December 15, 2012

A Cat in Paris (2010)

A Cat in Paris is a heart-warming delight. It's the sort of animated film that families should see, and treasure, because it is warmly written and beautifully animated. It's also the sort of animated film that families (at least here in Australia) probably won't see, because the film is French. The DVD has both French and English dubs, but most video libraries seem to stock it - if they do at all - in their foreign film section, where no English-speaking child or family tends to go.

The film follows the misadventures of a domestic cat in present-day Paris. By day the cat is the pet of Zoe, a young girl traumatised into silence by her father's murder. When the sun goes down the cat sneaks off to hang out with Nico, a daring cat burglar who dances across the roofs of Paris each night in search of his next big score.

The entire film is hand-animated: no computers, no CGI, no digital colouring or processing. It's marvellously distinct and eye-catching. One thing I absolutely adore in animated films is distinctiveness. I often find myself disinterested in the latest Hollywood animated blockbuster because it looks exactly like every other Hollywood animated blockbuster. None of them look like A Cat in Paris.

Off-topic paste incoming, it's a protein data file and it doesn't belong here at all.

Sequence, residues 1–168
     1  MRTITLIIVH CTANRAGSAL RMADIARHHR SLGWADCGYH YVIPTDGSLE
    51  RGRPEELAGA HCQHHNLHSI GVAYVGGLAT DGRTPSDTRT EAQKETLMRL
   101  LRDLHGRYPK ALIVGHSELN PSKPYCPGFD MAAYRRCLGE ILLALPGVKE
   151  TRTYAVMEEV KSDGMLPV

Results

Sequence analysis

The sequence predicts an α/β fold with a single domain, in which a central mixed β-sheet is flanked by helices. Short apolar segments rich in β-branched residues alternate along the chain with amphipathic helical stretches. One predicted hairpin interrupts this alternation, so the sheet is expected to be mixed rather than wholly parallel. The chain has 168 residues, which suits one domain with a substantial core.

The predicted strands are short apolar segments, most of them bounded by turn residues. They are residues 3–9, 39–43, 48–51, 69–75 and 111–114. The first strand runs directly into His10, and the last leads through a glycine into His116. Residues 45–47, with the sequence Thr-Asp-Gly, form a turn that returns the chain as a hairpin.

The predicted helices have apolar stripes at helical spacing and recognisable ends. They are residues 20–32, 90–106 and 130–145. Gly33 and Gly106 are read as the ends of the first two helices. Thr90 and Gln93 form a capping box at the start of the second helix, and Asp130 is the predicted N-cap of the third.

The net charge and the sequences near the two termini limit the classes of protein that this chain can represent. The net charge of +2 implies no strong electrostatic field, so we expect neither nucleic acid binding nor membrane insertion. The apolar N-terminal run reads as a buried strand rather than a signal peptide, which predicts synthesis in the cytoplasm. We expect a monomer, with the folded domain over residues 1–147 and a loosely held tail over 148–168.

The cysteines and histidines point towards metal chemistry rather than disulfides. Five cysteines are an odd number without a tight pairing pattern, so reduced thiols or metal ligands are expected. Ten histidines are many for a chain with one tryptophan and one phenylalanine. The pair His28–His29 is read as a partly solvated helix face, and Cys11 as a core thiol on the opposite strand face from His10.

It is a film overflowing with hand-crafted artistry. It sounds like a tedious cliche to moan about how 'they just don't make films like this any more', but the truth is that they don't - not often anyway, and certainly very rarely in English-speaking markets like the USA or the United Kingdom. It was a tremendous surprise for all concerned when AMPAS members nominated it for Best Animated Feature at the 2011 Oscars - a nomination it richly deserved.

I should also take the time to praise the film's wonderful score by Serge Besset. Part old-fashioned Hollywood thriller, part jaunty jazz riffs, it supports the animation throughout and enhances the experience perfectly.

It's a great family film, and I stress family and not children's. Some scary things happen in A Cat in Paris, with our young protagonist often placed in genuine peril at the hands of some criminals and unsavoury types. Overall it's perfectly safe for kids, but now and then it may be too scary for parents, so the whole family needs to be there in case someone needs their hand held. Opinions differ on the English language dub - I don't mind it, but then I have a pretty high tolerance for dubbing. Your mileage may vary. If everyone watching can read subtitles, the French version is available on the same disc.

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